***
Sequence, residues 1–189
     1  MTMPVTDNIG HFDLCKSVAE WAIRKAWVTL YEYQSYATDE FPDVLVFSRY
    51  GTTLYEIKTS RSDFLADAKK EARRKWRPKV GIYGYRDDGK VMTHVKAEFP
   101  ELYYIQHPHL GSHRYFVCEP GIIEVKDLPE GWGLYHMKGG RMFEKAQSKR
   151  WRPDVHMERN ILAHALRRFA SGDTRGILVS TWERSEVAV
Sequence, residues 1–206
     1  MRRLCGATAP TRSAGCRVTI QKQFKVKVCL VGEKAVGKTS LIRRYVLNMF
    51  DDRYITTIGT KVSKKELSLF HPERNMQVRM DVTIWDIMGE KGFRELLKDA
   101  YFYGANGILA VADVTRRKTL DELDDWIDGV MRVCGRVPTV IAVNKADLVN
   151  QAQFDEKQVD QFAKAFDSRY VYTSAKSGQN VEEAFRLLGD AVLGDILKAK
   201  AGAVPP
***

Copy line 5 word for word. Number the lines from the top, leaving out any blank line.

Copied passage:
   151  WRPDVHMERN ILAHALRRFA SGDTRGILVS TWERSEVAV